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Occupy’s Totalitarian Temptation
Occupy’s top-down vision of utopia doesn’t resonate with normal Americans.

May Day 2012 in New York City (redguard)

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Yesterday morning, I sauntered into Madison Square Park before many others had arrived. The “Free University” was still setting itself up, and it was a forlorn sight. Lonely red balloons flew at various points around the fountains, and bored policemen sat on benches looking bemused and coordinating their patrols with the Park Service. Dotted around the place were “professors” without students, waiting expectantly under signs that read “Open-Access Teach-In” and “Free Yoga,” and trying to catch the eyes of unimpressed commuters in the hope that they might stop and engage. (Students, it appears, will be no earlier to the revolution than they are to their classes.) One man with some sports equipment — presumably the “(Meta-)Physical Education” teacher — stood in the rain waiting in vain for takers. But on the north side of the park, next to the statue of David Glasgow Farragut, a circle had formed — what seemed to be a roundtable on climate change. I wandered over and stood quietly on its edge.

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“Naomi Klein went to the Heartland Institute’s International Conference on Climate Change,” the speaker was saying, “which must have been an unpleasant experience.” (Snickers greeted this addition.) “And what she discovered was that the conservatives get it. She wrote about it in The Nation.” He picked up a piece of paper and read aloud: “Here’s what she said they think:

. . . climate change is a Trojan horse designed to abolish capitalism and replace it with some kind of eco-socialism. As conference speaker Larry Bell succinctly puts it in his new book Climate of Corruption, climate change “has little to do with the state of the environment and much to do with shackling capitalism and transforming the American way of life in the interests of global wealth redistribution.”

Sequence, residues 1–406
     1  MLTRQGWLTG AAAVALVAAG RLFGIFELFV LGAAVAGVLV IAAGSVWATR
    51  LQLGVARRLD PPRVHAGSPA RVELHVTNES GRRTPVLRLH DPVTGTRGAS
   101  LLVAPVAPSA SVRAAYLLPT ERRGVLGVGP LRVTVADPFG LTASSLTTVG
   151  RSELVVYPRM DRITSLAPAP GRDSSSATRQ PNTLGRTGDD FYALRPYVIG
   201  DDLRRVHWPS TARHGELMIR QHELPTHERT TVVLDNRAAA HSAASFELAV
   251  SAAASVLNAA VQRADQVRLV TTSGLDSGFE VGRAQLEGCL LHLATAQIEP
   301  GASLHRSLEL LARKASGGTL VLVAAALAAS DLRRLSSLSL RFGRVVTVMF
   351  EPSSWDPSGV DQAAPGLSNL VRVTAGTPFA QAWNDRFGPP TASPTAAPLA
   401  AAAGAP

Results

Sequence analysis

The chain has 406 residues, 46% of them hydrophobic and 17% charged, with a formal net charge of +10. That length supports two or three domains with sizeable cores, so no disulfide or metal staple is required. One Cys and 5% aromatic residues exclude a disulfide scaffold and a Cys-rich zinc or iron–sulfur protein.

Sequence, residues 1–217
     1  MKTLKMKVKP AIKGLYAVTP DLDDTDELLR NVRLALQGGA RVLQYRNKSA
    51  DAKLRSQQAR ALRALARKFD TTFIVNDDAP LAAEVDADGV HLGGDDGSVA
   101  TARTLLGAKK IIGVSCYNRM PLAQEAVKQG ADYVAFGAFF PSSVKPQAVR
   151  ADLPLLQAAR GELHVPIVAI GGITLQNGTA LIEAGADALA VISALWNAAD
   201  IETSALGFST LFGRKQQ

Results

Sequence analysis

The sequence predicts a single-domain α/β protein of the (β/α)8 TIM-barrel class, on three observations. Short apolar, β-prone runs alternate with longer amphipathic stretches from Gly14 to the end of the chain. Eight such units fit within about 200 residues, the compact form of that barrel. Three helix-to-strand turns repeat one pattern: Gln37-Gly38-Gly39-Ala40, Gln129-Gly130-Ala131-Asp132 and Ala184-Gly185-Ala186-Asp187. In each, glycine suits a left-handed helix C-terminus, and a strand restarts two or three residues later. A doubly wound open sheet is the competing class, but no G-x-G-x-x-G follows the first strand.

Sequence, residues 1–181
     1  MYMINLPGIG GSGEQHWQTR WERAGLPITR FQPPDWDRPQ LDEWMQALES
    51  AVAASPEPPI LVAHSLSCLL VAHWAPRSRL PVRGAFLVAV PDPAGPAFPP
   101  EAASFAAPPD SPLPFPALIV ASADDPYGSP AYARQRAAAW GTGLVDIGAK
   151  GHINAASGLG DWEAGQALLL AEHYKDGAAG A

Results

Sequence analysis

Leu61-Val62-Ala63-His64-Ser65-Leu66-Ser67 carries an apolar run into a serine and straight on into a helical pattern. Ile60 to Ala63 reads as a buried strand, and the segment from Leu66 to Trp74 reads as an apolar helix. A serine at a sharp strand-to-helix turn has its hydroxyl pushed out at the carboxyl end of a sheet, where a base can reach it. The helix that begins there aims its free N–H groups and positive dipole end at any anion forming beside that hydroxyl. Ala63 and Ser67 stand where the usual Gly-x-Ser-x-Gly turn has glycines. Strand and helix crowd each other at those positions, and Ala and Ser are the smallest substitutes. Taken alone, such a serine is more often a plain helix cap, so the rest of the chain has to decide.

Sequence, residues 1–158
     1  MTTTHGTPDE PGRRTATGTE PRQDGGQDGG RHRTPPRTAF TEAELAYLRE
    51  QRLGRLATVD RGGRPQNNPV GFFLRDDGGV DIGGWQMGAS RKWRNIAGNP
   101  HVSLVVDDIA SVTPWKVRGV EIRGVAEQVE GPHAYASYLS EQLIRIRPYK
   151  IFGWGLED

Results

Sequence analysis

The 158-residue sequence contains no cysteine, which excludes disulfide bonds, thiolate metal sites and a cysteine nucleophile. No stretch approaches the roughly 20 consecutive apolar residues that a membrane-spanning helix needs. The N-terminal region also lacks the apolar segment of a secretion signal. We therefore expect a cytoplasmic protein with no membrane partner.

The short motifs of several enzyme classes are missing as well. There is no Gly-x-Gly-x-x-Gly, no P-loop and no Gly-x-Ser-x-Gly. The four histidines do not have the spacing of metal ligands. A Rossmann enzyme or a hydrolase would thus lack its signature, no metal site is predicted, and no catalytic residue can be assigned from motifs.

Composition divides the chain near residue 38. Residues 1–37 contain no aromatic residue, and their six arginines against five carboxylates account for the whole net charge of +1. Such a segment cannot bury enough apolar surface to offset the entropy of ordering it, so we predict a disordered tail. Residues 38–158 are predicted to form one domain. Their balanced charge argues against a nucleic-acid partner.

The assembled Occupiers laughed nervously, and some nodded. “Yes!” smiled the speaker. “The Right gets it. They spread misinformation about the science, as they know that it means the end of how we’ve been living. And they’ll do anything to keep the system as it is.” At this, everyone nodded. “So,” he continued. “What can we do?” The group had a brief conversation about the importance of educating Americans in scientific truth — which will, no doubt, have raised a few hackles among those intent on relitigating the Science Wars — and an agreement that everybody needs to stop driving cars, and then moved on to more important things.

“Well,” the speaker said, “I want to move on a bit. A lot of people live in the suburbs and they have a few cars and they live in houses that they probably bought in the 1980s. We need to morally exclude those who don’t recognize the problem, and let them know that they have no place in a future America.” This sounded a bit off to my ears, so I waited until they were finished and then asked one of the friendlier-looking participants a question: “I understand that you think these people in the suburbs can’t continue their lifestyles. Where will they live if not there?”